From Our Readers
I want to thank you for publishing articles that are not only interesting but also instructive and useful. I am thinking particularly of “Does Your Child Have Learning Problems?” (May 8, 1983), “Is My Child Hyperactive?” (June 8, 1984), “Young People Ask . . . How Can I Improve My Study Habits?” (August 8, 1984), and “You Can Be a Better Reader!” (August 22, 1984). I am studying at the state university in Mexico to become a teacher. I had to study for exams, and there was too much material. But by applying your suggestions on study habits, I was first among 6 students who passed the exam, taken by 25 students. I would like to recommend to all young people who get Awake! not to overlook a single article. It will all help to improve your life-style.
J. B. G., Mexico
I am writing with reference to your article “Young People Ask . . . Is There Anything I Can Watch on TV?” (November 8, 1984) You quoted writer Vance Packard as saying: “Parents who put their TV sets in the attic are probably overreacting.” I would like to relate my family’s experience. Approximately two years ago we had pay TV with features so that you could find something to watch any hour of the day or night. We found that we were doing just that. Then in order to cut down expenses, we decided to have the cable shut off and we also put the TV away in storage. Now we are all avid readers. In fact, my daughter is the best reader in her class at school. Also, we have taken up musical instruments. My husband plays the piano and I play the banjo. Our youngest, now two, has his own style at the piano also. So not only are we saving money but we have got closer as a family and found many, many other worthwhile things to do with our time, and we are never bored.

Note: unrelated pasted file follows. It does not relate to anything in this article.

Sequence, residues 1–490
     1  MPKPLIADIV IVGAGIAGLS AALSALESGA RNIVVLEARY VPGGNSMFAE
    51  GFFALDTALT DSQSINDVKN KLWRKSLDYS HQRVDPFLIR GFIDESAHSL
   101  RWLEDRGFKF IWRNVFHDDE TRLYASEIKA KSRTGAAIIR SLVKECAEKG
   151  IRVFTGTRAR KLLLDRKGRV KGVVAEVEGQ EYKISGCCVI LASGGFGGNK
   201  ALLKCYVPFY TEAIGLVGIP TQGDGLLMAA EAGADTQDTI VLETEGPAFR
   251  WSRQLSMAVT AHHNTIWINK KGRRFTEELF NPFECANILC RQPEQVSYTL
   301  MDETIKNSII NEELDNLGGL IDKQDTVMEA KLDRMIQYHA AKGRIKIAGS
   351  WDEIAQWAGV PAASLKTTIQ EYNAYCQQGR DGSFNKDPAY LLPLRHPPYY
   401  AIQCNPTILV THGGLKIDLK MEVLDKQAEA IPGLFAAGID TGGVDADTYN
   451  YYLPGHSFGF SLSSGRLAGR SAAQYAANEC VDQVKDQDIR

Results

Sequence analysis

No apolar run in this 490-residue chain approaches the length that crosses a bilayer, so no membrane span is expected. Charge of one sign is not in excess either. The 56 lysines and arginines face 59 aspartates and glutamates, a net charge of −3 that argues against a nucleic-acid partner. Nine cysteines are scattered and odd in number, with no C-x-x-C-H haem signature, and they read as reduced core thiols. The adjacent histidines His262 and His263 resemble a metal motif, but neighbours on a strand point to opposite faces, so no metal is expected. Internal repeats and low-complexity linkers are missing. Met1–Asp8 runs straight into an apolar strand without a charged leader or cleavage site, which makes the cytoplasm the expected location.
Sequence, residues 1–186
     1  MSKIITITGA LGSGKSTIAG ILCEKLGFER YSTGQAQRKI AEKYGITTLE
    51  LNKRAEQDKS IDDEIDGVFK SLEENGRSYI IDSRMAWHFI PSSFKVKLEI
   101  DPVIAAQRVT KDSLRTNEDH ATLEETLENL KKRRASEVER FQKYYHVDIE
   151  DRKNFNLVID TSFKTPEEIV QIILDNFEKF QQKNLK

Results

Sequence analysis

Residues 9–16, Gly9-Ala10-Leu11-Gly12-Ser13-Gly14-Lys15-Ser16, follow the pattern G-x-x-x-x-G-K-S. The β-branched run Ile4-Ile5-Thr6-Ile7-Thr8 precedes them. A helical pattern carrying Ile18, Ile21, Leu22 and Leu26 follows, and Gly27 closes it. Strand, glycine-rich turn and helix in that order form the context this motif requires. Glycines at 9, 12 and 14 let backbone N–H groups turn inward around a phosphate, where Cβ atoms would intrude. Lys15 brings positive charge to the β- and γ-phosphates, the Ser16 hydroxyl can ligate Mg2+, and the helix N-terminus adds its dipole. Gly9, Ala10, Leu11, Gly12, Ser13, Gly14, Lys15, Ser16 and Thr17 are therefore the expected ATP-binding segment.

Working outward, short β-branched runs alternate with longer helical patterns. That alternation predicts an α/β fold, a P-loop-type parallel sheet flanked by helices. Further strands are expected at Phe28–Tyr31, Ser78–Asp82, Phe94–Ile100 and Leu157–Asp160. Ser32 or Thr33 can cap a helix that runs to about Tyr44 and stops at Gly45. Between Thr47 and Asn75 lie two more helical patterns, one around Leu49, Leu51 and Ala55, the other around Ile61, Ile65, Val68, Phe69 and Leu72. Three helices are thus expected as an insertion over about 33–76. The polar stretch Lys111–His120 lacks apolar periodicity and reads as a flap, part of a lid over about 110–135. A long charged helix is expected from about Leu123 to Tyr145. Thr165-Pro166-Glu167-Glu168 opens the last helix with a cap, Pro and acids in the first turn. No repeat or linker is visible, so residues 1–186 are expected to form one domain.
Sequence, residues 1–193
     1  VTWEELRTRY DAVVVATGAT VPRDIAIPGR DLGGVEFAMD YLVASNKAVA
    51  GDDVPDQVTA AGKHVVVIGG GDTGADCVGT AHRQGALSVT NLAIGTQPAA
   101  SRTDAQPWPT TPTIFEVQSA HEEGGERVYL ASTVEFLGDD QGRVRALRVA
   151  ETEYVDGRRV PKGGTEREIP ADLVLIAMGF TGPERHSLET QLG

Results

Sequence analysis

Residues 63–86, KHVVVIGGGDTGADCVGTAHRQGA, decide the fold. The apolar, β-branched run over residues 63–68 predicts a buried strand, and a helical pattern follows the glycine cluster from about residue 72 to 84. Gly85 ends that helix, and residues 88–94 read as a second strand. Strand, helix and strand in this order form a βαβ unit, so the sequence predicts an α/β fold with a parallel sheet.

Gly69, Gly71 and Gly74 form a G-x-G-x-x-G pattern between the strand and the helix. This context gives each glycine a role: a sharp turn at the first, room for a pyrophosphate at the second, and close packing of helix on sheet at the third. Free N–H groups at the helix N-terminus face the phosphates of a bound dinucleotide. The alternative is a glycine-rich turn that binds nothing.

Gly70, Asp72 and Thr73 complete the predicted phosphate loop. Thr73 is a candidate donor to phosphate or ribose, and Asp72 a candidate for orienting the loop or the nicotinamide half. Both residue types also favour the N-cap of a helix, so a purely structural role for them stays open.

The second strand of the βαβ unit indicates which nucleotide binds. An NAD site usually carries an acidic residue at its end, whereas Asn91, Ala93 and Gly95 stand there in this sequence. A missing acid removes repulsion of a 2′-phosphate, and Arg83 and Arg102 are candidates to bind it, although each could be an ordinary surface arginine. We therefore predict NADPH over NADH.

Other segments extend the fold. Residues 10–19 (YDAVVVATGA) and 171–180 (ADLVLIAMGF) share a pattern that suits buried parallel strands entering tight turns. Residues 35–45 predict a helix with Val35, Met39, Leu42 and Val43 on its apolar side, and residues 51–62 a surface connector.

J. A. U., California
Fraud in Science
I found your articles regarding famous scientists, such as Newton, Galileo, and so forth, unkind and ridiculous. (May 22, 1984) A person cannot hope for a good and just world if he criticizes those who, scientifically speaking, have given so much to everyone. I’m surprised that you, who always believe you are right, could print these articles that are defamatory toward those who gave all that they had for the good of humanity.
G. G., Italy
I wonder if Mendel was indeed guilty of data selection when he would initially try to explain the simplest case and ignore the more complicated examples.
A. J. P., England
We were not criticizing those scientists named for their accomplishments for the good of science. While the matter is still being debated, reputable scientific publications such as “Scientific American,” “Science,” “Science Digest,” and “Science News,” as well as the book “Betrayers of the Truth,” by William Broad and Nicholas Wade, provide much evidence to the effect that in order to support and promote their theories some well-known and respected scientists of the past used methods that fell short of objectivity, dedication, and complete honesty.—ED.